The main website for train travel within France is that of SNCF. Their website is www.voyages-sncf.com. This website can in fact be viewed in English, although finding the icon to do so is a bit tricky – it is somewhat hidden at the bottom left of the screen! You can travel by train using many of the different train companies that operate in France – Corail, Thalys, Teoz, Eurostar and TGV (Train à Grande Vitesse). Train travel in France is comfortable, clean and very affordable and is consequently a popular way to travel.

As a family we have booked tickets on line (using the above website) on several occasions and found the service to be excellent – tickets have been sent to us at our home address with no problems. Just make sure that you leave a few days for them to reach you before you set off on your holiday. You can also look at the very comprehensive site – www.raileurope.com.

Paris Métro

Several French cities have a métro service, including Paris, Toulouse, Lille, Rennes, Marseille and Lyon. These are efficient and good value.

General Info: The Paris Métro is first class with over 350 stations and 14 lines and nowhere further than 500 metres from a station. Many of the station entrances were designed in the Art Nouveau style by Hector Guimard and are popular tourist attractions in their own right! The Métro comprises 2 systems – the Métro or underground trains (16 lines) and the RER (5 lines lettered A-E). The former is similar to the London underground while the latter is more like a suburban train system with larger, usually double-decker trains that run from one side of Paris to the other, often over-ground. For example there is an RER (line A) service that goes out to Disneyland in Marne-la-Vallée-Chessy to the east of the city. Take care as this line splits so make sure you get the correct destination.

Buying tickets: (Prices correct June 2011) To travel you need to buy ‘une billet’ (a ticket), otherwise known as a t+ ticket. These can be bought either at the ticket office or the self-service ticket machines with instructions available in English. Buying a ‘Carnet’, a book of 10 tickets is cheaper than buying tickets individually. Single tickets cost €1.70 while a carnet costs €12, with children aged under 4 being free and under 10 at half price. Tickets are valid for 1.5 hours from the time they are validated by the ticket machine and are for use on one continuous journey (with any number of changes) within that time frame, providing you stay on your chosen mode of transport – metro-metro, or bus-bus. Alternatively you can buy a ‘Paris Visite’ for €9.30 for zones 1-3. (a two day Paris Visite is €15.20, three days €20.70 and five days €29.90) Children aged between 4-11 are half price. You can use Métro tickets on the funicular railway at Sacré Coeur. A Mobilis pass allows unlimited travel for one day on bus, metro or RER. This costs from €6.10 – €17.30 depending on the zone.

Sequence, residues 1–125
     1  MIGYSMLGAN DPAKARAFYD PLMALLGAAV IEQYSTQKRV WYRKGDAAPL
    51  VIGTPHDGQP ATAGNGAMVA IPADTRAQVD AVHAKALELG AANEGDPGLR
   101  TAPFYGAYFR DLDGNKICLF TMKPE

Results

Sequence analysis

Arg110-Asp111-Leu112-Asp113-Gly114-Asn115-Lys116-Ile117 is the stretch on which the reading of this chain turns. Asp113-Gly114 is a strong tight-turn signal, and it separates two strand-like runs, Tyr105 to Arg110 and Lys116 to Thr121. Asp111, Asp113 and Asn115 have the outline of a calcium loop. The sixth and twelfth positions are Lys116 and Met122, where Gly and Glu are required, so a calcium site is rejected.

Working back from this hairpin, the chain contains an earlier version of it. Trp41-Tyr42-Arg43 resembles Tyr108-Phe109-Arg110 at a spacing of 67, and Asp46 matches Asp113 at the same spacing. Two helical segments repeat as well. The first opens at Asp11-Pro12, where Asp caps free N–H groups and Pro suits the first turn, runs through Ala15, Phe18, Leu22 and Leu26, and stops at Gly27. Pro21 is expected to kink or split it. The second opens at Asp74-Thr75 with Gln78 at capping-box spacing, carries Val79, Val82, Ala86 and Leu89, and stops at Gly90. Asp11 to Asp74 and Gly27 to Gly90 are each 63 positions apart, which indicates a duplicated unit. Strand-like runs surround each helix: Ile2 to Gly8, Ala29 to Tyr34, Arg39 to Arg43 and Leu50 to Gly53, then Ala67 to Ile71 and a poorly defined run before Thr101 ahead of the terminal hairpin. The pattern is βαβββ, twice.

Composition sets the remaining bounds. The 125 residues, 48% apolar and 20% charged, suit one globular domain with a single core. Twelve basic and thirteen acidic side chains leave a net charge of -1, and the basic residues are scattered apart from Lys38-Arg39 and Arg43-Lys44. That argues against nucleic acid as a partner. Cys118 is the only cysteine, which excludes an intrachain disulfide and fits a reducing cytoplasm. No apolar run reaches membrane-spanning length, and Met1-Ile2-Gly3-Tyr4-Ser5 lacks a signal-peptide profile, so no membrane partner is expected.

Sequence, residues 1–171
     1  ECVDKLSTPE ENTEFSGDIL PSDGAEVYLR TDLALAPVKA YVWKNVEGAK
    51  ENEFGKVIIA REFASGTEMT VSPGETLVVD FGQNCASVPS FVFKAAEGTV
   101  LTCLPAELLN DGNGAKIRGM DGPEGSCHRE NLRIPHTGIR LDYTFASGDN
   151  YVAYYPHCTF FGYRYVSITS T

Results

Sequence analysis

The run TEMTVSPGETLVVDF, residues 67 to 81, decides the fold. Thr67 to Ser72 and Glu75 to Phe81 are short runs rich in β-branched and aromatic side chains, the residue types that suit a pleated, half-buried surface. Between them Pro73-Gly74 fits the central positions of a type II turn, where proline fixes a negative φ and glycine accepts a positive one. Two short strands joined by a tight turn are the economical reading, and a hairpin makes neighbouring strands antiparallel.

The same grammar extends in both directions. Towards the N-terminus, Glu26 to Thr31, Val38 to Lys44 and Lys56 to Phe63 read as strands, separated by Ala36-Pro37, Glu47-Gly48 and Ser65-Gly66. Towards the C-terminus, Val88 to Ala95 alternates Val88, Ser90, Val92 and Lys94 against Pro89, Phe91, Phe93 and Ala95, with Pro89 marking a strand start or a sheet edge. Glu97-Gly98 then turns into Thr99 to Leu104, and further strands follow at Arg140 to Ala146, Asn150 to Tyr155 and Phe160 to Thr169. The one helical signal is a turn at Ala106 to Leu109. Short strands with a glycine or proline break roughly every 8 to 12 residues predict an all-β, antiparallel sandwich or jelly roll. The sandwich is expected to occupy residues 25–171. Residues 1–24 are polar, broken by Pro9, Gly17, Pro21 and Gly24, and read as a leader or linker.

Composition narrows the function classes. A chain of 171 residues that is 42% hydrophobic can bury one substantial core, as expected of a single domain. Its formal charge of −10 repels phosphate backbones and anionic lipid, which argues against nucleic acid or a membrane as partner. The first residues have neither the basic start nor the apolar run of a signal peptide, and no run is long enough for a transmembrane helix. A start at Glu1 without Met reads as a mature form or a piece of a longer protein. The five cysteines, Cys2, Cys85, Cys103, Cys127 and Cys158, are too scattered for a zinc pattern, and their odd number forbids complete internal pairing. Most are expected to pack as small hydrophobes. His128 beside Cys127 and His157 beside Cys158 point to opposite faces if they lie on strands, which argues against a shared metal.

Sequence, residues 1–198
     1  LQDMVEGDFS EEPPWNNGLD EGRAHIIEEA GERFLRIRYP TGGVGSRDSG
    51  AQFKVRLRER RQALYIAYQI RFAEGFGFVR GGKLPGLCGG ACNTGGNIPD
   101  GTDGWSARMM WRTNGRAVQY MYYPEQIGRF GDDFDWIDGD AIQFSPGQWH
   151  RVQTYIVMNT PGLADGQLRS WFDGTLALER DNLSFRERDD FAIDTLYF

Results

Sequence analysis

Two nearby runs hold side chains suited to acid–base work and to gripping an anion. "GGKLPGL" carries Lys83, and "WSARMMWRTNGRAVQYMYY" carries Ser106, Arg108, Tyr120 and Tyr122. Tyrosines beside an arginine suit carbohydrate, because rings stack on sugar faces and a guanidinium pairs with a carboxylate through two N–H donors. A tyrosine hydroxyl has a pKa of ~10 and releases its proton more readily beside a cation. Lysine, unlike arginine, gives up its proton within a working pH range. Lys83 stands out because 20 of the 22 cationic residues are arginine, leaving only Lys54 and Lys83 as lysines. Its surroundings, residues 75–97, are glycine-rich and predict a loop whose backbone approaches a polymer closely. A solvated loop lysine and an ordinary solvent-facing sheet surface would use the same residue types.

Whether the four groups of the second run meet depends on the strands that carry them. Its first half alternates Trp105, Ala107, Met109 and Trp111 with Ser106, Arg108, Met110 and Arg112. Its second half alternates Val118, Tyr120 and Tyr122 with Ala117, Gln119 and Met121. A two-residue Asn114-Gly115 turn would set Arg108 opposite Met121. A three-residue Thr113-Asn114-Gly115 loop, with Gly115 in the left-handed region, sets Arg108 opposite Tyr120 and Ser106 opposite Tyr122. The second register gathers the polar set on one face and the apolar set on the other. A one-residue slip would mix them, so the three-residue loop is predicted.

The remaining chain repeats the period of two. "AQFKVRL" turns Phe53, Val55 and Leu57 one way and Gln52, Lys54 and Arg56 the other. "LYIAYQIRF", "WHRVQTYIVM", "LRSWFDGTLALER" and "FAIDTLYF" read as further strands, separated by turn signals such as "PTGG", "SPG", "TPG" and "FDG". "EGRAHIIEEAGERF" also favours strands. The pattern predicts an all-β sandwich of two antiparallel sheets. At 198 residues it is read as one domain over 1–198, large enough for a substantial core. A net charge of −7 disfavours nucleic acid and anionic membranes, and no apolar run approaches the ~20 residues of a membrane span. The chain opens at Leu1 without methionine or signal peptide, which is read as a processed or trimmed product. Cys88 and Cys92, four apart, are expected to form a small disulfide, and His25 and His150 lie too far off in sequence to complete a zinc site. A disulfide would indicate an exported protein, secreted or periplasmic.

Using the metro: When travelling on the Métro you need to decide which station you wish to get to and then check the name of the station at the END of the line in the direction in which you will be travelling as this determines which train you get. So, for example, imagine that you have arrived on Eurostar at the Gare du Nord and you wish to head south to Les Halles near The Seine River. This is Métro line 4 so you must follow signs and trains in the direction of Porte d’Orléans that is the last station at the southern end of the line. Should you have wished to travel north on line 4 then you would have followed signs in the direction of Porte de Clignancourt.

RER trains (Réseau Express Régional) operate a similar procedure. These are five suburban trains (Routes A-E), often double deckers, that serve outlying suburbs (e.g.: Disneyland Paris is on Line A). As the Disney route will probably be the most popular RER destination from Paris it is worth noting that line ‘A’ splits and you need to get the one to Marne-la-Vallée/Chessy.